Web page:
One of the less-considered side effects of car features moving from hardware to software is that important features and abilities of a car can now be removed without any actual contact with a given car. Where once de-contenting involved at least a screwdriver (or, if you were in a hurry, a hammer), now thousands of dollars of options can vanish with the click of a mouse somewhere. And that’s exactly what happened to one Tesla owner, and, it seems many others.
The car was sold at auction as a result of a California Lemon Law buyback, as the car suffered from a well-known issue where the center-stack screen developed a noticeable yellow border.
When the dealer bought the car at auction from Tesla on November 15, it was optioned with both Enhanced Autopilot and Tesla’s confusingly-named Full Self Driving Capability; together, these options totaled $8,000.
It’s also worth noting that those repairs on the disclosure were not actually made, which is why Alec took his car to a service center in January.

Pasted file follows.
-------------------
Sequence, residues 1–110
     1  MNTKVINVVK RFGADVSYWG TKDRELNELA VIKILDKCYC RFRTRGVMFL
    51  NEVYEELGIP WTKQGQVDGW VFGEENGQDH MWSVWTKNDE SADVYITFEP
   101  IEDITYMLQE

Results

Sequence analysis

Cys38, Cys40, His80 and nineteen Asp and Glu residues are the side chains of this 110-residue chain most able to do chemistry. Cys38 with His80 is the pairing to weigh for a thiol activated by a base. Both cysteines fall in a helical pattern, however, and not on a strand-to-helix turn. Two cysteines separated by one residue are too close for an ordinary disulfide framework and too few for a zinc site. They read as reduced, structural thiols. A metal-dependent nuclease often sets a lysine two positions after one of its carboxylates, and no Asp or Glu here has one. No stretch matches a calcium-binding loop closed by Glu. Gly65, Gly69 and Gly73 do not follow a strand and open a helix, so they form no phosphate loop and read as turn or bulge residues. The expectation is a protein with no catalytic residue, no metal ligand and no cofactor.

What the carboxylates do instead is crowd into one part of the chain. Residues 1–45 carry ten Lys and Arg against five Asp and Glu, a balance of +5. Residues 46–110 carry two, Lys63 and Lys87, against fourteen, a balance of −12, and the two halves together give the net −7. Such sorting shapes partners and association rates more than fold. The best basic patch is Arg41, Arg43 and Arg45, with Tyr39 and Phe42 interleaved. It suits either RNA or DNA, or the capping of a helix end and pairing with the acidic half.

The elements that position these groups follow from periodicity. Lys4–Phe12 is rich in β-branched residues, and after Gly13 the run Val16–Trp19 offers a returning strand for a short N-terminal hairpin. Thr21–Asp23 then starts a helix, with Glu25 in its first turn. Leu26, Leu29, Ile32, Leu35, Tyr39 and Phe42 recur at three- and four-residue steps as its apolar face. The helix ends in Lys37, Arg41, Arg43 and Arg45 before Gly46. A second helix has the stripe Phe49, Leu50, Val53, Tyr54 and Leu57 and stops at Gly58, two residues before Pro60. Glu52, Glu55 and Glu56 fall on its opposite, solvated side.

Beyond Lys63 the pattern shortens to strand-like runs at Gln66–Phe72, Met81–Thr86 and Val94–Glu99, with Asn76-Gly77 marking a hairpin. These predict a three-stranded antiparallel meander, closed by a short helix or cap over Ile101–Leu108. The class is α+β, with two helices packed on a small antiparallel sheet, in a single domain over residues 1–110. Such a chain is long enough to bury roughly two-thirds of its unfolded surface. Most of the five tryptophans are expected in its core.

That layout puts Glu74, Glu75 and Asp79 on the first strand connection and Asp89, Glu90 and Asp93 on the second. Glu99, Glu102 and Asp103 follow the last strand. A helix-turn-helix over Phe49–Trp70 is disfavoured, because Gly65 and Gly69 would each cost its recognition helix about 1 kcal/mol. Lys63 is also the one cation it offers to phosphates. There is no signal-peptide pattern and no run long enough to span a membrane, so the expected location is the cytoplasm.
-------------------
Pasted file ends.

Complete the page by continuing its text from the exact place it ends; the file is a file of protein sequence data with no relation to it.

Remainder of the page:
Let’s recap a little bit at this point: A Model S with Enhanced Autopilot (which includes the Summon feature) and FSD “capability” is sold at auction, a dealer buys it, after the sale to the dealer Tesla checks in on the car and decides that it shouldn’t have Autopilot or FSD “capability,” dealer sells car to customer based on the specifications they were aware the car had (and were shown on the window sticker, and confirmed via a screenshot from the car’s display showing the options), and later, when the customer upgrades the car’s software, Autopilot and FSD disappear.